Voter guide

Learn more about the Mayoral candidates’ plans for ending homelessness and expanding access to truly affordable housing for all New Yorkers.

RxHome asked all of the candidates running for mayor to tell us about their plans for ending and preventing homelessness in New York City. Below are their ideas on how they will make New York City a healthier, more just city where all New Yorkers have a place to call home.

The New York City mayoral election is on June 22. Find your poll site here!

Candidate Questionnaire

RxHome reached out to all of the mayoral candidates who filed with the Campaign Finance Board to offer educational briefings about the current state of homelessness in New York City. After our initial candidate education meetings, RxHome sent a questionnaire to all of the mayoral campaigns in February 2021. The questions were designed to learn about the candidates' policy positions on preventing and ending homelessness, addressing the availability of affordable housing and structuring the leadership of city agencies that deal with homelessness and housing instability.

The following section contains the full, unedited answers that RxHome received in response to our candidate questionnaire from 9 candidates (Art Chang, Shaun Donovan, Kathryn Garcia, Chris Krietchman, Ray McGuire, Dianne Morales, Bill Pepitone, Scott Stringer, and Andrew Yang) running for mayor of New York City. For the other 9 candidates (Eric Adams, Quanda Francis, Paperboy Prince, Maya Wiley, Aaron Foldenauer, Fernando Mateo, Curtis Sliwa, Joycelyn Taylor, and Isaac Wright) who did not respond to the candidate questionnaire, we used campaign websites and public statements to provide responses, where appropriate and possible.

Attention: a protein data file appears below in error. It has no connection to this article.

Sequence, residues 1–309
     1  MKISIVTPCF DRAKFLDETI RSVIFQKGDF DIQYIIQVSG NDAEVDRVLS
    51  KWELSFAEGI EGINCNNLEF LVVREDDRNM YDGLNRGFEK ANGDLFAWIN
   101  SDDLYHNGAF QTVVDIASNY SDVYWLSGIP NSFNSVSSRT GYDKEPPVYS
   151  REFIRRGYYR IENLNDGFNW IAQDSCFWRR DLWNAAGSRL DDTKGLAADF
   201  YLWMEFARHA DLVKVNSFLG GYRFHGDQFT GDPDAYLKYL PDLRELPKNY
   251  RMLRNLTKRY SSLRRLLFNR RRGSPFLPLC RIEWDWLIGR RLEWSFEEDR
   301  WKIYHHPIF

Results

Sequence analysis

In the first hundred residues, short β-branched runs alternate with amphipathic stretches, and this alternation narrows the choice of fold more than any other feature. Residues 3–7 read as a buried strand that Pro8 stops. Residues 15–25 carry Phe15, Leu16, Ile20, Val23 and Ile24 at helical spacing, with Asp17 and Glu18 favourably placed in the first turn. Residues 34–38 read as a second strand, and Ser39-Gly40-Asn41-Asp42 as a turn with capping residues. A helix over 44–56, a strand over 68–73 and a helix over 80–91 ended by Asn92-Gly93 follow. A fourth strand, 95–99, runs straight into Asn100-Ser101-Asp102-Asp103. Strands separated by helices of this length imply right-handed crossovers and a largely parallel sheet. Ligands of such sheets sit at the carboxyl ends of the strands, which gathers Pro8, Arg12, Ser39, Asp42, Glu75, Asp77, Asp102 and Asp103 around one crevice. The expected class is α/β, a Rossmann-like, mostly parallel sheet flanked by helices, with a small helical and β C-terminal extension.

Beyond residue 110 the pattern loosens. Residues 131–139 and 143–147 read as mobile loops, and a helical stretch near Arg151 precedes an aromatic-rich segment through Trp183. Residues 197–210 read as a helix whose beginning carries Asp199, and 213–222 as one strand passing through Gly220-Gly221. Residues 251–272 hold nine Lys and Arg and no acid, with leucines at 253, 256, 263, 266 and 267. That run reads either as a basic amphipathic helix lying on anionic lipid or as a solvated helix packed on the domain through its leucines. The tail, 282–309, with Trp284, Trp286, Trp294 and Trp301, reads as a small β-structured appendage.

Dianne Morales

It’s time to get serious about ending homelessness once and for all. This year, the New York Times reported that in New York City, over 100,000 school-aged children are housing insecure. Federal data estimate about 80,000 unhoused people in the city, a figure 15,000 higher than projections from the de Blasio administration. Black and Latinx children are 15 times more likely to not have had a stable place to live in the last 12 months. Homelessness is a human rights crisis, but it is one that can be solved. Dianne’s plan includes:

Within the first 100 days, providing more secure and guaranteed pathways toward permanent residence, including the prompt conversion of hotels into permanent support housing and services for families of our 100,000 unhoused school-aged youth;

Appoint a Deputy Mayor responsible for leading and coordinating a citywide, cross-sector effort addressing housing, opportunity and social mobility, including shifting the $3 billion annual shelter budget towards preventative measures, and implementing preventative models that effectively responds to housing displacement and vulnerability;